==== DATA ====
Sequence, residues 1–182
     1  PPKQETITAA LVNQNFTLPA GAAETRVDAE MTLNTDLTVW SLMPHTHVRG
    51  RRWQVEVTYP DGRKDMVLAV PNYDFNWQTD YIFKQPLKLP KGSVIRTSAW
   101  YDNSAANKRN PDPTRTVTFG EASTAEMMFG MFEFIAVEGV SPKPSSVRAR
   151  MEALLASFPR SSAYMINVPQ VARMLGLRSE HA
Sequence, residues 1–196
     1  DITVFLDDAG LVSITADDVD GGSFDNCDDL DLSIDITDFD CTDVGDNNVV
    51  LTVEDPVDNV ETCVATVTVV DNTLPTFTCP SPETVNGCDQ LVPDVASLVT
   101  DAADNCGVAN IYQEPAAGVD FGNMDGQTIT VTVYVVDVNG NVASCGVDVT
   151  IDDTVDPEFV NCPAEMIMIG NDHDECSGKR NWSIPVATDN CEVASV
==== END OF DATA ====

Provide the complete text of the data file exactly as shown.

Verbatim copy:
Sequence, residues 1–182
     1  PPKQETITAA LVNQNFTLPA GAAETRVDAE MTLNTDLTVW SLMPHTHVRG
    51  RRWQVEVTYP DGRKDMVLAV PNYDFNWQTD YIFKQPLKLP KGSVIRTSAW
   101  YDNSAANKRN PDPTRTVTFG EASTAEMMFG MFEFIAVEGV SPKPSSVRAR
   151  MEALLASFPR SSAYMINVPQ VARMLGLRSE HA
Sequence, residues 1–196
     1  DITVFLDDAG LVSITADDVD GGSFDNCDDL DLSIDITDFD CTDVGDNNVV
    51  LTVEDPVDNV ETCVATVTVV DNTLPTFTCP SPETVNGCDQ LVPDVASLVT
   101  DAADNCGVAN IYQEPAAGVD FGNMDGQTIT VTVYVVDVNG NVASCGVDVT
   151  IDDTVDPEFV NCPAEMIMIG NDHDECSGKR NWSIPVATDN CEVASV